MW: Besides the outdoor ad campaign you ran in London, what marketing tactics do you use?
PC: We’ve always had a very focused marketing plan that uses tools such as PR and search engine optimisation, but we also want to let the product do the talking. The product is so strong that we just need to bring people to the website once and then we can build our community from there.
For example, we reach out to food bloggers and invite them to participate on Zomato by enabling them to publish and share their reviews on the site. That creates content for us and helps bloggers to grow their own online following. In addition to having the different levels of membership up to ‘connoisseur’, we encourage people to contribute by running a ‘write for a bite’ contest each week, in which we give away a voucher for a restaurant to someone who writes a great review.
MW: How does Zomato generate revenue and is the business profitable?
PC: The revenue model is based on advertising from restaurants. Restaurants are used to advertising in newspapers and through flyers but they can advertise on banner ads on our website. The restaurants can target users by different search criteria such as the type of cuisine and the locality. So an ad for a bar in Canary Wharf will be shown to someone searching for drinking options in that area. It’s a very scalable model in terms of the options we can offer restaurants.
Our India and UAE operations are now profitable but we have another year to go before we’ll reach profitability in the UK as we continue to grow.
MW: What is the most important thing you’ve learnt about growing an online business?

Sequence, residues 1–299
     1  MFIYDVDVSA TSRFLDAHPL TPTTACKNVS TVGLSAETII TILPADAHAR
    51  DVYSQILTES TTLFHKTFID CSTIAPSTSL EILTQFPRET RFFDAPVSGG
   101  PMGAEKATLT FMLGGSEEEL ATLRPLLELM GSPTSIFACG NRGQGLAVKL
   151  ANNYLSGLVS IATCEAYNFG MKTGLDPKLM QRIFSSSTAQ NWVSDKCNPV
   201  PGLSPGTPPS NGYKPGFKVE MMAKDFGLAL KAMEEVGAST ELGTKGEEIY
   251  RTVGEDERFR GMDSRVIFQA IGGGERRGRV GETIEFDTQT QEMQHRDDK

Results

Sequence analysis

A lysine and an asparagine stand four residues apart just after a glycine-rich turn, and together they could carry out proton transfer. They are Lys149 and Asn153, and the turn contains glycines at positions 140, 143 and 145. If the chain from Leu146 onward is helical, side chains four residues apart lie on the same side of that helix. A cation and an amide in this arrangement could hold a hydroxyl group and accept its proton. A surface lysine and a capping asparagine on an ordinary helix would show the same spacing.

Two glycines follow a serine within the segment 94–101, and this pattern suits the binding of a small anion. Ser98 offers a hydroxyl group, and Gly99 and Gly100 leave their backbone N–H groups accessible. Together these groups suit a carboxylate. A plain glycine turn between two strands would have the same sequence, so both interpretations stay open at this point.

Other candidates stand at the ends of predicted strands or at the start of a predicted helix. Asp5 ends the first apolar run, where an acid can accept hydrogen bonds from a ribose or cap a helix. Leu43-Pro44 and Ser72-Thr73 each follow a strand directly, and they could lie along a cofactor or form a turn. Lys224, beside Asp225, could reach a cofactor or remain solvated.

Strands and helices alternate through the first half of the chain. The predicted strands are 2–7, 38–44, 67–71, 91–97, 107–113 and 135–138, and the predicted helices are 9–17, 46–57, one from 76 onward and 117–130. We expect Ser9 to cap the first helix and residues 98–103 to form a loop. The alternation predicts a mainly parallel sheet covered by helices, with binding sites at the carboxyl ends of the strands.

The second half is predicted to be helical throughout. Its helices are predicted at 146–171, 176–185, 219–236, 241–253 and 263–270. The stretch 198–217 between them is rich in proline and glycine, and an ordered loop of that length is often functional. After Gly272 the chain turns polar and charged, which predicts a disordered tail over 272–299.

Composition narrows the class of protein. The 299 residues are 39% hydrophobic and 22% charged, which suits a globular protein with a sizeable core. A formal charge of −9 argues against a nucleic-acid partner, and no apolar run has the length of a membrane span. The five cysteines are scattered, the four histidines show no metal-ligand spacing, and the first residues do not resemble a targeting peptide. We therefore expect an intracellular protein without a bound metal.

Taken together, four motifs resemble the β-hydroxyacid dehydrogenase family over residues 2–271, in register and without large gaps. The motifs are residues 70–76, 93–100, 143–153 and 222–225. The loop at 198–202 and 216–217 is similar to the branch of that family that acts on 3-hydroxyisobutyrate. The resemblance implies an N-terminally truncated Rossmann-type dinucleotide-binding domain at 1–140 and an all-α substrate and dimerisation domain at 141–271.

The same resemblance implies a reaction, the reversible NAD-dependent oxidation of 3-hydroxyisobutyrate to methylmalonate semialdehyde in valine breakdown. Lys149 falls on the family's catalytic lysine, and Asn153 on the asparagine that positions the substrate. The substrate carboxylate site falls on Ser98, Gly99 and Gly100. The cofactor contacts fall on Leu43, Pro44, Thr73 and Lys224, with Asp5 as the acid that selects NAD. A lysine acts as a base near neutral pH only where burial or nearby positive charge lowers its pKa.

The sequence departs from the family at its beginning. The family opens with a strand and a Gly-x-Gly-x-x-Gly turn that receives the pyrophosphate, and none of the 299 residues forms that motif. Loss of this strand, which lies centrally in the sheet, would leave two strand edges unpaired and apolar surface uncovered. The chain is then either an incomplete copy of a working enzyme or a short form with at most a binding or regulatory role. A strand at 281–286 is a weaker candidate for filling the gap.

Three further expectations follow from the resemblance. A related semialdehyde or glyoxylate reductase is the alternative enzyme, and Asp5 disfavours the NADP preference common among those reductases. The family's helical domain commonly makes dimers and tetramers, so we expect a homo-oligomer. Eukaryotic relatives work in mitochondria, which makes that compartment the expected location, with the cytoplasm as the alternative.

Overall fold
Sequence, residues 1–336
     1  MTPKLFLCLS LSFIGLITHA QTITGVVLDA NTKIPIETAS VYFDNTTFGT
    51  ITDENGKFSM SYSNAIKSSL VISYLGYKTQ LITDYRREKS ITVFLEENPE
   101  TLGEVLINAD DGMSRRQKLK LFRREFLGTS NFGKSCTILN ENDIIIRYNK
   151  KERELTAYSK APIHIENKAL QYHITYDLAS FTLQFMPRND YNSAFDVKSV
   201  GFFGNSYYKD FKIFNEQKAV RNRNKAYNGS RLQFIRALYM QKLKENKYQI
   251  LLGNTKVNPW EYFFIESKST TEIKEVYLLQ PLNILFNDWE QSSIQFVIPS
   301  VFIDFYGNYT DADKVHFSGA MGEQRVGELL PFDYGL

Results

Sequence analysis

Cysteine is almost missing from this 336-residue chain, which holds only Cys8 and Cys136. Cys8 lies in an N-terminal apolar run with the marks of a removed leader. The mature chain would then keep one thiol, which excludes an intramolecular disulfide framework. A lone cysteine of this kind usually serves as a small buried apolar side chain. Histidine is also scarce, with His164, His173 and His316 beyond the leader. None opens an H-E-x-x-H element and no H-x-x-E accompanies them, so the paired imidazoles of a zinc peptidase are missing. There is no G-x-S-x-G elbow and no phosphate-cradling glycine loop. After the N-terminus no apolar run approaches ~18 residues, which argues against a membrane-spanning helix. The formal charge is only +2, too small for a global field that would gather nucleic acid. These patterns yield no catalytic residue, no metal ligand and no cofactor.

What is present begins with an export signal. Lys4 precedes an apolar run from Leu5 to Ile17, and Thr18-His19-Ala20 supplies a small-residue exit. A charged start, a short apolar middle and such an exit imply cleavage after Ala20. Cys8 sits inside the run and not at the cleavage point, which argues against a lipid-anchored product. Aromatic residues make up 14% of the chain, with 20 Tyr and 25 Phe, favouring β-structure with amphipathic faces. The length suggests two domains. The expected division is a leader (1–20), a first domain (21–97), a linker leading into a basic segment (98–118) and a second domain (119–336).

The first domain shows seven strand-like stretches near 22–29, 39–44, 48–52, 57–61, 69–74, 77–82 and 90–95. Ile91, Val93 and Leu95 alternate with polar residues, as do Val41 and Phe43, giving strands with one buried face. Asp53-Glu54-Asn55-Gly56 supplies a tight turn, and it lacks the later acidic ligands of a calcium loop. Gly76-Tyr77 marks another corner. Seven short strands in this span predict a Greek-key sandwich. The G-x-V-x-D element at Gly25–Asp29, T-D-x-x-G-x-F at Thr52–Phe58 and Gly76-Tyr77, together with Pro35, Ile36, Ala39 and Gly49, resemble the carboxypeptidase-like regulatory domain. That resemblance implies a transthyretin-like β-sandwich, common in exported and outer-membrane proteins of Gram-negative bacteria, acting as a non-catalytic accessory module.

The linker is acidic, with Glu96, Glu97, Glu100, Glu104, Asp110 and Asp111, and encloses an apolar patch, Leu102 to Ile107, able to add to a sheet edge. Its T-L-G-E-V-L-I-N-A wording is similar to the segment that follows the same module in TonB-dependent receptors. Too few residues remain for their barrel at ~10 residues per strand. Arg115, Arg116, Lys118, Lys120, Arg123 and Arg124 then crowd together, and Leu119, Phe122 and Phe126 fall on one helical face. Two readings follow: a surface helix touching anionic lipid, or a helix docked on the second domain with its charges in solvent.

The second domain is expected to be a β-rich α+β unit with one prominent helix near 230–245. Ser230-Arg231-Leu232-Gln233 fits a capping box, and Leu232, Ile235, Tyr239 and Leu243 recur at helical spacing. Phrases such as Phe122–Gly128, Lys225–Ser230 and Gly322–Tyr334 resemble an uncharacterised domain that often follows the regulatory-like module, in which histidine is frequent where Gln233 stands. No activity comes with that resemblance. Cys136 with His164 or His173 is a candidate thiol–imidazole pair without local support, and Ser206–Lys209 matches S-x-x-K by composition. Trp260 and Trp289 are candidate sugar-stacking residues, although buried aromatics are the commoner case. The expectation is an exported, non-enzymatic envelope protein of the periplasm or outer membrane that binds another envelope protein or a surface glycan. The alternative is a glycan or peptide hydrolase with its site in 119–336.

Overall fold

PC: I’d say the one thing that’s really important is to get your hands dirty. A lot of the time with digital businesses there’s a tendency to have a pre-occupation with technology, but it’s also important you get out on the ground and understand what users want. It’s about the execution, not just the idea.
The finances served up
This month Zomato secured $37m (£23m) in new funding from US venture capital firm Sequoia Capital and existing investor Info Edge. The investment is a significant development for the restaurant search service after it had previously raised a total of $16.5m over the course of four separate rounds of funding. The sudden increase in new investment for the business reflects the speed at which it is growing internationally.
The company was set up in India in 2008 but only began its international expansion last year, when it launched in the UAE. Since then Zomato has moved into a further nine countries so that it now covers 35 cities globally. For each launch, the company sends staff out into the city to meet restaurant owners and collect menus and information from as many locations as possible, before uploading these to the website.
Zomato opened in London in January 2013, followed by Manchester and Birmingham in the first half of the year. This month it launched in Glasgow and Edinburgh and is planning further launches in cities such as Leeds and Newcastle in the coming year.
The company claims it is the dominant restaurant search service in India and the UAE with an estimated 70 per cent traffic share. In the UK, by contrast, Zomato faces competition from bigger and more established players like Yelp, Urbanspoon and Toptable.
Zomato co-founder Pankaj Chaddah says the site aims to carve a niche for itself by building a social community of food lovers and by focusing on the functionality of its service and the quality of its content. “We feel we’ve got the most comprehensive and updated content that you’ll find on the internet,” he adds. “We have 19,000-plus restaurants in London alone and we update the menus and information once every three months by going out on the streets. The content is a huge differentiator.”
Zomato reports that it receives over 15 million visitors across its web and mobile platforms every month and that traffic has grown by more than 300 per cent in the past year. It plans to expand to 22 more countries over the next two years.